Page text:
You can dock About the Young Idea a point for its lack of marketing vision, but the Jam were as good as three-and-a-half minutes or less gets.
London’s Somerset House, a cultural center housed in a neo-classical building located along the Thames where it bends by Covent Garden, is currently hosting an exhibition called "The Jam: About the Young Idea". Running through the end of September, the show presents memorabilia dug out from the closets of all three Jam members. It presents a wide variety of the band’s distinct and colorful merchandise, along with photographs, artwork, music videos, guitars, posters, correspondence, scrapbooks, fanzines, and even some of their original stage outfits. Anything and everything one could think of, basically. This limited edition CD, released in the UK to complement the exhibition, is similarly chock-full, determined to be as completist as a single best-of compilation can be.
The title of the exhibition and the CD is taken from the lyrics of the Jam’s first single, “In the City”, but it isn’t simply a convenient lift. The Jam were very much about being young, and “In the City” was their first call to arms for the kids, an intentional mission statement. Paul Weller himself was a month away from his 19th birthday when the 30-second radio spot for the single which opens this compilation (a delightful bit of nostalgia in a world where both radio and physical singles are now anachronisms) was running on British airwaves. As Daniel Rachel put it in his book of interviews with notable musicians, The Art of Noise, "Jam lyrics spoke directly to teenage anxieties. They defined feelings and attitudes that legitimized disaffection with society and the growing pains of dead-end routines and broken relationships."
Weller had actually started The Jam five years earlier, when he was a pupil at Sheerwater Secondary School. After rotating through various classmates, the line-up with bassist Bruce Foxton and drummer Rick Buckler settled into place in the mid-‘70s. Time was still very much on their side when their first record ever cracked the Top 40. The Jam courted the youth audience, but not in a cynical way. The cheerleading could get a little over-the-top at times, such as Weller’s shout of “youth explosion!” in "All Around the World", but it was always genuine. Full of fire as they were, early on their brand of punk rock -- addressing police brutality in “In the City”, asking “what’s the point in saying destroy?” in “All Around the World” -- often sought to spark a more constructive discourse.
The band felt a responsibility to their audience, which was primarily composed of teenagers not much younger than themselves. To that audience, Weller was something of a wiser older brother; someone who seemed to have life figured out beyond what his age should allow. The full picture of the sway that Weller and the Jam had over young rock ‘n’ roll fans in late ‘70s Britain can be found in music writer Tony Fletcher’s memoir, Boy About Town . Fletcher was all of 14 years old when, as the editor of the then-fledgling fanzine Jamming, he went to interview Weller at RAK Studios in St John's Wood, where the band were recording All Mod Cons. Not only did Fletcher get his interview that day, he also got to dine on a fried egg sandwich with his new hero and, later, also hear songs from the new album before it was released. This was the kind of access most professional music journalists long to obtain. Fletcher was a schoolboy on his fifth issue of Jamming, and it was that interview which started him and his zine on the path to wider notoriety.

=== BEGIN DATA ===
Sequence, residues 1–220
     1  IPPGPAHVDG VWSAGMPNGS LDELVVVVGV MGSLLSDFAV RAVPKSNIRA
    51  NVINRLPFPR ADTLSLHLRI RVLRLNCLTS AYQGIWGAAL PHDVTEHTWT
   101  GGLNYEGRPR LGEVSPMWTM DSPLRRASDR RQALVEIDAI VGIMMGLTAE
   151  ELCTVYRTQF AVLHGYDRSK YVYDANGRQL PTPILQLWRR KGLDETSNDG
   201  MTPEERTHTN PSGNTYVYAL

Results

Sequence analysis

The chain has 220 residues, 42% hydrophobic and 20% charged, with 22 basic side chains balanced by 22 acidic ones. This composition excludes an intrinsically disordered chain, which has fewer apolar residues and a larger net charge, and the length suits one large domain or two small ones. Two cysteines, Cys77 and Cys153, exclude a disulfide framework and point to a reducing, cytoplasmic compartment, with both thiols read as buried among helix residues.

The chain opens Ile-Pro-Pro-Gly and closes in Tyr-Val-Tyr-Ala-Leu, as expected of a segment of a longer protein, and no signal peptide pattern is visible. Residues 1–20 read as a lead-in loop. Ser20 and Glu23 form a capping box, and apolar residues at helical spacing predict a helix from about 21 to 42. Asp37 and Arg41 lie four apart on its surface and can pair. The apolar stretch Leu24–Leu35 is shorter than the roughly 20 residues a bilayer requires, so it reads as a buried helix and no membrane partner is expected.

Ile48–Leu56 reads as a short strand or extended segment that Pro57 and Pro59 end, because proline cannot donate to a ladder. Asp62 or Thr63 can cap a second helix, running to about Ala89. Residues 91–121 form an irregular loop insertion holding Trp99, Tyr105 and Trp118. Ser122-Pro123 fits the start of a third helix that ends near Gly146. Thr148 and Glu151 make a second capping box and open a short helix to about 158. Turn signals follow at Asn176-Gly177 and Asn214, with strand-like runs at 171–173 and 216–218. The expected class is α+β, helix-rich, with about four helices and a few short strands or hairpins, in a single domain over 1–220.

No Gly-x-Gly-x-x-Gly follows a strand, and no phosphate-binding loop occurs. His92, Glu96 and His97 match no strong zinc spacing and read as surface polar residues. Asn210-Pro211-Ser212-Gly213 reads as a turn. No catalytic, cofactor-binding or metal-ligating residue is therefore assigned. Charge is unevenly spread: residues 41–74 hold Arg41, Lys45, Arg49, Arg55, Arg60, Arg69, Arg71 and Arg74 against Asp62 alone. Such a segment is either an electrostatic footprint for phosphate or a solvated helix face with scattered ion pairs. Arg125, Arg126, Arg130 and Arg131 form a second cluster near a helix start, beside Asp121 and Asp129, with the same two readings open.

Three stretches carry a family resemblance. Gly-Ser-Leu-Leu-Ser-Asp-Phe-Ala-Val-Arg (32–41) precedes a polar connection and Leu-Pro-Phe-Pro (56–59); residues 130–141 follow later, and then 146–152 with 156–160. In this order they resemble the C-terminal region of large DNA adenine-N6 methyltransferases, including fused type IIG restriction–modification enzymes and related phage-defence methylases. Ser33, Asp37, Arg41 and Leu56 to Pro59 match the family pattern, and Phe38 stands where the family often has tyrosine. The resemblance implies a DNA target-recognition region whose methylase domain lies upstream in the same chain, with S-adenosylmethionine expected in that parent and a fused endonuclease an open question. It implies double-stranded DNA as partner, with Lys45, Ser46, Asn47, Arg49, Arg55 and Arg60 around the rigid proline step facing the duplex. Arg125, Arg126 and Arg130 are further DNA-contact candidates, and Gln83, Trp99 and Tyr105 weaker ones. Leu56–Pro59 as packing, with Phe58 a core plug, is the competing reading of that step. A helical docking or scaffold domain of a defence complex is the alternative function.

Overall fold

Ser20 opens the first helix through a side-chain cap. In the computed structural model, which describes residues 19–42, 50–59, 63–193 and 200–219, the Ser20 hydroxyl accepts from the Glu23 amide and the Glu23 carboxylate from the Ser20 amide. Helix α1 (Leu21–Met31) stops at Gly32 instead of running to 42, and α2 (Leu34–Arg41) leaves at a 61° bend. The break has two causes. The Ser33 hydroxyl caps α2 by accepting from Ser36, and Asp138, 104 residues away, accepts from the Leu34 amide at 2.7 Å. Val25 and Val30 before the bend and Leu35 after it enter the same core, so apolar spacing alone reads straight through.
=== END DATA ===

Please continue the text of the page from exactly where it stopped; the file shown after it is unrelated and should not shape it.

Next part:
Weller didn’t forget about Fletcher, either. For years after, he was a regular fixture on the Jam’s guest list, and at one point, after the Jam broke up, Weller even enlisted him to help with starting a record label (a project that ultimately complicated their relationship). Indeed, from the beginning to the end of the Jam’s lifespan – a stunning 5-year creative evolution, much like the one the Smiths went on to have soon after – they never really lost sight of their core fan base. With each album, they brought their audience along with them into new territory, and as they grew as musicians and songwriters, that audience only got bigger.
The Jam have never really left the public consciousness of Britain since their break-up in 1982. Their first greatest hits album, Snap!, was released only a year after the split. Because it finally brought together all of the band’s crucial singles together with beloved album tracks in one collection, it was a must-have. US fans will be more familiar with Greatest Hits, the 1991 singles compilation. In fact, a 1999 collection put out by Polydor and still available in the UK already made the claim to be The Very Best of The Jam. Add to that Extras, as well as their BBC and live recordings, and it is clear that there is really no shortage of Jam collections out there. So what does About the Young Idea bring to the table?
Material-wise, not much: the advert for “In the City”, and a demo of “Takin’ My Love”. Had it focused solely on the earlier half of their career and their more fast and furious material, it might have made a stronger claim to keeping in the spirit of its chosen title. Disc One certainly seems to focus on ‘youthful energy’ for the most part (“English Rose” and the acoustic demo of “Burning Sky” aside), but because this spans the Jam’s entire career, adhering to its own titular premise proves a bit difficult. At 47 tracks, its mass sits somewhere between the 19 tracks of Greatest Hits (or 29 of Snap!), and the sum 68 tracks of their six studio albums plus the many non-album singles and B-sides.